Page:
The Farnborough International Air Show, which opened its doors under a blazing sun on Monday, July 18, in the greater suburbs of London, is an opportunity for Boeing to find a little smile. At the opening of the event, the two latest products from the aircraft manufacturer from Seattle (State of Washington), the single-aisle 737 Max and the long-haul 777X, were able to fly without difficulty in the skies of London. Better, Boeing has also started to fill its order book.

The company has notably announced a major contract with the American company Delta Airlines, which has committed for one hundred 737 Max and around thirty additional optional aircraft. An order valued at nearly 13.5 billion dollars (13.3 billion euros) for Boeing, which is still far behind its rival Airbus. Indeed, the European aircraft manufacturer’s order book is full, with more than 7,000 planes to produce, i.e. nearly ten years of guaranteed work, while Boeing has in its holds “only” 4,239 planes to be delivered.

At Farnborough, the small improvement of the American manufacturer even had the gift of delighting its competitor. With a certain irony, an Airbus executive exclaimed: “The more 737 Max they sell, the less they will want to launch a new plane. It is no coincidence that Airbus is in the lead with more than 60% market share. The group chaired by Guillaume Faury has the most complete range, from the smallest single-aisle A220 to the long-haul widebody A350. Above all, Airbus launched the A321. An aircraft without equivalent at Boeing, which succeeds in squaring the circle: to offer the capabilities of a long-haul, but with the costs of a medium-haul. An aircraft that is particularly popular with low-cost airlines, always looking for savings.

Boeing has long held out the threat of a retaliatory response with the launch of a potential mid-market rival to the A321. The American would have given it up, because it was too expensive to build. Above all, such a plane would arrive on the market too late, towards the end of the decade, i.e. just a few years before the new generation planes, hoped for in 2035. with hydrogen or with so-called sustainable kerosenes.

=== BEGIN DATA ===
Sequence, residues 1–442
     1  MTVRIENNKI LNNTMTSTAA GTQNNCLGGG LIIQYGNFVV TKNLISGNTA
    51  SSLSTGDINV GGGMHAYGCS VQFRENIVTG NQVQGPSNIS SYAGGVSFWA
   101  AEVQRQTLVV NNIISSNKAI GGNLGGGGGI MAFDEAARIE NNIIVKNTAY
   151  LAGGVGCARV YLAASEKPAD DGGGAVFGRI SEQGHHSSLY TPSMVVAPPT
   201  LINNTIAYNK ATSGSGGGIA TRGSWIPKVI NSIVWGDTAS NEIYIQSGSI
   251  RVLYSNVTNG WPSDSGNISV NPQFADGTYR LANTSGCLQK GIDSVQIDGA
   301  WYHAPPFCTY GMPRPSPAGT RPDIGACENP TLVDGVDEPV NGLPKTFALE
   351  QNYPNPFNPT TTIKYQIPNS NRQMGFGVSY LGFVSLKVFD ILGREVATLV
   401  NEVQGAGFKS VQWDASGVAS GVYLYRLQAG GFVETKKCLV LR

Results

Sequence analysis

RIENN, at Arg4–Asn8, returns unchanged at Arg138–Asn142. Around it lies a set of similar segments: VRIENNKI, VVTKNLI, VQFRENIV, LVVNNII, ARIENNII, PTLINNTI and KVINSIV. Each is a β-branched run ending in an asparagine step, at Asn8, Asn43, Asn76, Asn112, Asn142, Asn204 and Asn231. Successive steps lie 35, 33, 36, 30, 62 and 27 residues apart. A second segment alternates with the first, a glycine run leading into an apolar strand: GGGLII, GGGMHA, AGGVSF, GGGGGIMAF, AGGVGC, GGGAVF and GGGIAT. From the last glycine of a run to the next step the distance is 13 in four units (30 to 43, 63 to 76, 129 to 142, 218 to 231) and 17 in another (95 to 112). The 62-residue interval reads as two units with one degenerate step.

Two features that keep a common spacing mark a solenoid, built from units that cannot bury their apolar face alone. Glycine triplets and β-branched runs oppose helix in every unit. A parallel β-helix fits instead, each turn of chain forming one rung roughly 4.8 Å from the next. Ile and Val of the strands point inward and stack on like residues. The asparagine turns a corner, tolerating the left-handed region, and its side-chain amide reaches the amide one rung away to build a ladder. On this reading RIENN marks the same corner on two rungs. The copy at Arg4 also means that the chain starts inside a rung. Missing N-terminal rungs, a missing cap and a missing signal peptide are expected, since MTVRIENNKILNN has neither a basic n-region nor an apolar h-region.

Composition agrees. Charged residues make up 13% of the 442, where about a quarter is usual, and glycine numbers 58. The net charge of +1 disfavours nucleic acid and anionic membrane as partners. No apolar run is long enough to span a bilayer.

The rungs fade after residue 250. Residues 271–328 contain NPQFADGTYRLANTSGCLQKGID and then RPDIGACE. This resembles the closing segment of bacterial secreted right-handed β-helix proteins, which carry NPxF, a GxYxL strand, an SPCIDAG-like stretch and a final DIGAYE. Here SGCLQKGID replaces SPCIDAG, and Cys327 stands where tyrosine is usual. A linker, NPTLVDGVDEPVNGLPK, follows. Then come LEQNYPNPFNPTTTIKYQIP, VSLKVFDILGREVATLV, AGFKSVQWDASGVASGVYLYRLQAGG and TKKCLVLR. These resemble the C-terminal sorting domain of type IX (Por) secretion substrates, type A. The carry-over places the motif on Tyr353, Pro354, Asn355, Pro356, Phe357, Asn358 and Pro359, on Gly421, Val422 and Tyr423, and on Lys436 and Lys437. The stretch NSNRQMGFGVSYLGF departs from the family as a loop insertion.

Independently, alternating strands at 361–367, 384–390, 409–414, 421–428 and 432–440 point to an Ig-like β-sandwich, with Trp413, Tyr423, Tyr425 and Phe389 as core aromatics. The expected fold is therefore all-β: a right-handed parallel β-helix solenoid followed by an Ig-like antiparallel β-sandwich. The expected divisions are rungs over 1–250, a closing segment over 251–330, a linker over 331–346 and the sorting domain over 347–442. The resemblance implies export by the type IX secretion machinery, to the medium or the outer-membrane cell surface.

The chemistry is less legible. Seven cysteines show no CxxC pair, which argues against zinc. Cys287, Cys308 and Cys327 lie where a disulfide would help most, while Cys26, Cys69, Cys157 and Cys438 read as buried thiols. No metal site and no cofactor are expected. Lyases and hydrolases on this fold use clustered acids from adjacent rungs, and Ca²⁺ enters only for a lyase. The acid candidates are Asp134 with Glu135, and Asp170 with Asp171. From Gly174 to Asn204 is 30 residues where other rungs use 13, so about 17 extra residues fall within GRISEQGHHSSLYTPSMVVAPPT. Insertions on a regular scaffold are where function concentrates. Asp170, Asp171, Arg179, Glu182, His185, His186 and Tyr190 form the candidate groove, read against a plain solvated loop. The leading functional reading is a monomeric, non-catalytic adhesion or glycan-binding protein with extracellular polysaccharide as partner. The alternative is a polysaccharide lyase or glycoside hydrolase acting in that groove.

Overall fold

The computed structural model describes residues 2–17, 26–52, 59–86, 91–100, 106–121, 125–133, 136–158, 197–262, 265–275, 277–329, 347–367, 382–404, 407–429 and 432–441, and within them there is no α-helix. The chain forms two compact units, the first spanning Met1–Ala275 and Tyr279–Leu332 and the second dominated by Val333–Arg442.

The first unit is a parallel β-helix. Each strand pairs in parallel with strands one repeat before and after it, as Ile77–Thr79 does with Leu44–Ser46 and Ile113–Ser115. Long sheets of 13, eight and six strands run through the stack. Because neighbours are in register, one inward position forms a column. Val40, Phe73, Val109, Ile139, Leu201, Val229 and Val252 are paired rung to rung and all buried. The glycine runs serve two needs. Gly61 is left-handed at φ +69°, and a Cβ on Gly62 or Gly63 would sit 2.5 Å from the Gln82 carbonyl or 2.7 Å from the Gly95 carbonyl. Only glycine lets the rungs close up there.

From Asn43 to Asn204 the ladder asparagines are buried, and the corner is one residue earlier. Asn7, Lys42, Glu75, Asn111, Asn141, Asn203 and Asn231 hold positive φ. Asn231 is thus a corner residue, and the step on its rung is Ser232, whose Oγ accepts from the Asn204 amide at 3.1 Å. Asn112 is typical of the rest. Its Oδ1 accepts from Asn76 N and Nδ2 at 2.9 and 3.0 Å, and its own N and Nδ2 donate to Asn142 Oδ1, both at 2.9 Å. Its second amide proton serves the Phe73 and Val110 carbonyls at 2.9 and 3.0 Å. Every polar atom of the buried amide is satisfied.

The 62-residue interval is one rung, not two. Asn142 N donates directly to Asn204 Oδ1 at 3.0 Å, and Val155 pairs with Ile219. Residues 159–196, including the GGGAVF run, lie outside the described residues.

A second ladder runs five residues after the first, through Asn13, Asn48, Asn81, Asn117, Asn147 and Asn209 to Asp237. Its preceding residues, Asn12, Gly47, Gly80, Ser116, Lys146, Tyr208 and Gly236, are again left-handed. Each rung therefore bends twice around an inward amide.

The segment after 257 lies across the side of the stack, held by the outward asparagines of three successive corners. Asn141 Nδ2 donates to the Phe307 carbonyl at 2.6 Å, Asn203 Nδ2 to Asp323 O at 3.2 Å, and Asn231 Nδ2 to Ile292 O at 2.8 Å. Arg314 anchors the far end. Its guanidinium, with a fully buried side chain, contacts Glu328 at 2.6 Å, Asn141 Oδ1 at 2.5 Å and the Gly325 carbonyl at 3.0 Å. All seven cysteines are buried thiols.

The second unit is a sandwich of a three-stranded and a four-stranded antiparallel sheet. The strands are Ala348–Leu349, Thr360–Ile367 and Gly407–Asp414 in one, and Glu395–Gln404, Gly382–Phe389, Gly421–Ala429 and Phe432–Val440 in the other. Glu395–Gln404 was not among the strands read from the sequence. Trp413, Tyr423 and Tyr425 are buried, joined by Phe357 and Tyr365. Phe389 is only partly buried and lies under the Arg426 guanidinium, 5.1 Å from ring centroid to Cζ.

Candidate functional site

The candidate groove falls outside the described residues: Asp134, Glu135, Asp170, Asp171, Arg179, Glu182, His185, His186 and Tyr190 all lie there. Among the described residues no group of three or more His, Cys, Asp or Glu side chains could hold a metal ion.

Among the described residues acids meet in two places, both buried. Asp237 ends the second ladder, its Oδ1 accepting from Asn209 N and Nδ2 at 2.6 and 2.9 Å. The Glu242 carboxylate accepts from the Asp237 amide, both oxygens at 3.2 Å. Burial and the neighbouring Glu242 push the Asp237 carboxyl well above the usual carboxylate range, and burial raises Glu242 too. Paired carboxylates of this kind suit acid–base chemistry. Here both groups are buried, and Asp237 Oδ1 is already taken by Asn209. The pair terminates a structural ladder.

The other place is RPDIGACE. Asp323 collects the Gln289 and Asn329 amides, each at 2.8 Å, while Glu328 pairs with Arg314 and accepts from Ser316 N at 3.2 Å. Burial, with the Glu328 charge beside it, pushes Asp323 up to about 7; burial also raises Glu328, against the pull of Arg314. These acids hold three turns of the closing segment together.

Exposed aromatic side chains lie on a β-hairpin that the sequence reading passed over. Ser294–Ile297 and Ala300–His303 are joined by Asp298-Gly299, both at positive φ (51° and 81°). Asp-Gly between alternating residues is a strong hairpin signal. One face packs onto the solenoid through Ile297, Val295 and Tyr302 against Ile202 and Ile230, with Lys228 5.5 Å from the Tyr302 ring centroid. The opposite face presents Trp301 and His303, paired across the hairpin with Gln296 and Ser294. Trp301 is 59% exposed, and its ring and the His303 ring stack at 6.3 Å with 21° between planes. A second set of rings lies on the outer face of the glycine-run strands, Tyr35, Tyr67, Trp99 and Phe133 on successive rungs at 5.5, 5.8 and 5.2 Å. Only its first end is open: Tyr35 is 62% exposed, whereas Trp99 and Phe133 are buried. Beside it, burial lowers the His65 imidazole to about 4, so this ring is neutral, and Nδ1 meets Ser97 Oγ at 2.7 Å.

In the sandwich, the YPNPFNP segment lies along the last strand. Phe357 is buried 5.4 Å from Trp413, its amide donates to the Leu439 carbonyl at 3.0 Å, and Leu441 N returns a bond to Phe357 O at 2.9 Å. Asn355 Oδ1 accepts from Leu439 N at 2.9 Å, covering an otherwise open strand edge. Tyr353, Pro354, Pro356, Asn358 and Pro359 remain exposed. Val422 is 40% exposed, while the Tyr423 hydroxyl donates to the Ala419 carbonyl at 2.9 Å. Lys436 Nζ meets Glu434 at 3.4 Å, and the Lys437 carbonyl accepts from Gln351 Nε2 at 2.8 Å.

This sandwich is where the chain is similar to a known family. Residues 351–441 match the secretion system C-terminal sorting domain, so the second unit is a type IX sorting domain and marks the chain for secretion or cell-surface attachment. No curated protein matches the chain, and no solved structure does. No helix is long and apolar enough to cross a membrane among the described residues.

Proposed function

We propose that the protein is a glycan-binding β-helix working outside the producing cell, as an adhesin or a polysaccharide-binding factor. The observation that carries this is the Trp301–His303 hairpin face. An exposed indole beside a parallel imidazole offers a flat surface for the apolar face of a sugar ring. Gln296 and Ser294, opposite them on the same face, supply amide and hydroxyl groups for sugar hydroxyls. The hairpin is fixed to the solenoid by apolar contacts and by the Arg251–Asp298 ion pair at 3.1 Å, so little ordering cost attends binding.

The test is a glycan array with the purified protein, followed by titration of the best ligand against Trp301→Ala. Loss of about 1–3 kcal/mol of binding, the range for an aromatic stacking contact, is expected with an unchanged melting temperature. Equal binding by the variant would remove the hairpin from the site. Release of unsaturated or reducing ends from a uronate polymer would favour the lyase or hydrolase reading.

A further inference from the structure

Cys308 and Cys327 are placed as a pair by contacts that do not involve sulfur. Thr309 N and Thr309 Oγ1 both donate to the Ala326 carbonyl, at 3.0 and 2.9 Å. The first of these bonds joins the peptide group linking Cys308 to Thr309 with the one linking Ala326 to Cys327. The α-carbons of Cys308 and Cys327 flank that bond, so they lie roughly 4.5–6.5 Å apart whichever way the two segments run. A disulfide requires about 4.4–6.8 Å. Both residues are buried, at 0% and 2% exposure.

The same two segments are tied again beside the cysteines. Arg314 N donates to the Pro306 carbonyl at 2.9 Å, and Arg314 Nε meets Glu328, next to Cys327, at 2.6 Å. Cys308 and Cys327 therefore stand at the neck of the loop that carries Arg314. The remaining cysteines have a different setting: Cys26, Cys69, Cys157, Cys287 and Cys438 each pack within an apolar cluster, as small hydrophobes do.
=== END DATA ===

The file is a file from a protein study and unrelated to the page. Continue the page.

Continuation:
Diminished outlook

Somewhat cheered up by the performance of its 737 Max, Boeing does not yet see life in pink. Its forecast of aircraft needs for the next twenty years, published on Sunday July 17, is down from 2021. By 2041, the American manufacturer predicts that airlines worldwide will need 41,170 aircraft, representing a total turnover of 7,200 billion dollars. For the second consecutive year, the group is therefore revising its outlook downwards. A year ago, the aircraft manufacturer was still targeting 43,610 aircraft by 2040. Among the reasons given, the economic situation, which is worse than expected, but also the consequences of the war in Ukraine.

In fact, the sanctions against Russia cause manufacturers, mainly Airbus and Boeing, to lose 1,500 aircraft. Nevertheless, even a little more cautious from one year to the next, the American remains even more optimistic than his European competitor. Shortly before mid-July, Airbus said it estimated the airlines’ new aircraft needs at 39,490 aircraft over the next twenty years. In 2041, he is counting on a world fleet that will have doubled. For its greatest benefit, because 80% of orders will be for medium-haul and only 20% for long-haul jumbo jets. Unsurprisingly, it is Asia, mainly China and India, which will capture 40% of new aircraft needs.

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